Appleton's Cyclopedia of American Biography, edited by James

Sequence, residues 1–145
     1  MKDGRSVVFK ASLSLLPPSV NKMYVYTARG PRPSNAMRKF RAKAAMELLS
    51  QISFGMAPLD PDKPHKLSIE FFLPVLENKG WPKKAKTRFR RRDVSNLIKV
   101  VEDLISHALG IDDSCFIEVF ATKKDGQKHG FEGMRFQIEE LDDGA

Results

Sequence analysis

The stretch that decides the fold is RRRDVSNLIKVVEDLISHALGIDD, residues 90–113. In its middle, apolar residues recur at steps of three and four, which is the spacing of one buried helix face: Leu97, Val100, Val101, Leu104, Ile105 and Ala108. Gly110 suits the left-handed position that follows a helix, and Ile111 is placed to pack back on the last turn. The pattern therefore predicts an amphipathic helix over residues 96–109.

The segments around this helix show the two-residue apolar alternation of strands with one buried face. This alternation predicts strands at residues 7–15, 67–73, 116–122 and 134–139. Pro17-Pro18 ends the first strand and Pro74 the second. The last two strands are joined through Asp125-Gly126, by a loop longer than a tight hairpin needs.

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LUNA I ARELLANO, Tristan de (loo'-nah), Spanish explorer, born in Borobia, Aragon, in 1519; died in Yucatan in 1571. He came about 1550 to Mexico, and in 1559 was appointed by the viceroy, Luis de Velasco, commander of a fleet of thirteen ships, which he sent to conquer and colonize Florida. His landing force consisted of about 1,500 infantry and nearly 200 cavalry, and with some Dominican friars, among them Domingo de la Anunciacion, Pedro de Feria, and Domingo de Salazar, he sailed from Vera Cruz in July, 1559. The fleet arrived on 15 August in a bay which, by a former explorer, Guido de Labezares (q. v.), had been called Pilipina, but was named, by Luna, Santa Maria, on account of his arrival on the feast of the Virgin. On 21 August a violent hurricane destroyed all the vessels at anchor except one, which was driven ashore by the waves. Notwithstanding this mishap, Luna began the exploration of the interior and reached Ninicapua, a large abandoned Indian town, which he named Santa Cruz. In 15(;0 he discovered the river Olibahali, and a province called Coza by the natives: but the difficulties of the territory, the hostility of the Indians, and the want of provisions impelled many of the adventurers to return to the coast, whence they went to Cuba to ask for help. Others, under the leadership of Juan Ceron, rose in a mutiny, which Luna had much trouble to quell. In 1561 re-enforcements from Cuba arrived, and explorations were continued as far as the point of Santa Elena; but, seeing that success was doubtful, some of the captains called a council of war and returned to Cuba. Luna, with some faithful followers, continued his explorations till in December, 1562, he was recalled by the viceroy to Mexico. In 1563 he was appointed governor of the province of Yucatan, which place he held till his death.
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